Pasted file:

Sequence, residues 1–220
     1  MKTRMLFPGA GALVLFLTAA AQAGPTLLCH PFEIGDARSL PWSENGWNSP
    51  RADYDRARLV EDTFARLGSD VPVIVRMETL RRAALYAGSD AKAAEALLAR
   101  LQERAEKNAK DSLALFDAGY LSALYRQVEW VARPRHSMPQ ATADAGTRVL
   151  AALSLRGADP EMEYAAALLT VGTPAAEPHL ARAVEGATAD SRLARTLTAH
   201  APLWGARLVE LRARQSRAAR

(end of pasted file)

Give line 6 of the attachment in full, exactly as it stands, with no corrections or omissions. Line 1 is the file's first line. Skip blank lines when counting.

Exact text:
   201  APLWGARLVE LRARQSRAAR